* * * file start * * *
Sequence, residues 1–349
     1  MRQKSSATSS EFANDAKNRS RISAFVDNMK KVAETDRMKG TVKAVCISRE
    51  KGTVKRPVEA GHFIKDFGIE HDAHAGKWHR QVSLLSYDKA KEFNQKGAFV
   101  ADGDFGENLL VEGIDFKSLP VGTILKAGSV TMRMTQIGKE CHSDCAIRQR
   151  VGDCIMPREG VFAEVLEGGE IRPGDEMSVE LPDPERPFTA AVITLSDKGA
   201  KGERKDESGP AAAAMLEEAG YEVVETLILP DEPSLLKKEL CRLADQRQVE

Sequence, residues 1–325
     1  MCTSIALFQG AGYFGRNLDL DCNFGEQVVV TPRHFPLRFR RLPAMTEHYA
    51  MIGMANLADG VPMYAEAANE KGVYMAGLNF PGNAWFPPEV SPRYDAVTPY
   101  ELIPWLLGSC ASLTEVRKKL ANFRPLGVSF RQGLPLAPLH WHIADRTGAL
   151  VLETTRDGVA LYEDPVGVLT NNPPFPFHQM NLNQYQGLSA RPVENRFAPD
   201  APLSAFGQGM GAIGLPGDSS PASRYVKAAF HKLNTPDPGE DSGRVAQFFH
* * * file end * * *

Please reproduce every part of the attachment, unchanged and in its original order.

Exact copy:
Sequence, residues 1–349
     1  MRQKSSATSS EFANDAKNRS RISAFVDNMK KVAETDRMKG TVKAVCISRE
    51  KGTVKRPVEA GHFIKDFGIE HDAHAGKWHR QVSLLSYDKA KEFNQKGAFV
   101  ADGDFGENLL VEGIDFKSLP VGTILKAGSV TMRMTQIGKE CHSDCAIRQR
   151  VGDCIMPREG VFAEVLEGGE IRPGDEMSVE LPDPERPFTA AVITLSDKGA
   201  KGERKDESGP AAAAMLEEAG YEVVETLILP DEPSLLKKEL CRLADQRQVE

Sequence, residues 1–325
     1  MCTSIALFQG AGYFGRNLDL DCNFGEQVVV TPRHFPLRFR RLPAMTEHYA
    51  MIGMANLADG VPMYAEAANE KGVYMAGLNF PGNAWFPPEV SPRYDAVTPY
   101  ELIPWLLGSC ASLTEVRKKL ANFRPLGVSF RQGLPLAPLH WHIADRTGAL
   151  VLETTRDGVA LYEDPVGVLT NNPPFPFHQM NLNQYQGLSA RPVENRFAPD
   201  APLSAFGQGM GAIGLPGDSS PASRYVKAAF HKLNTPDPGE DSGRVAQFFH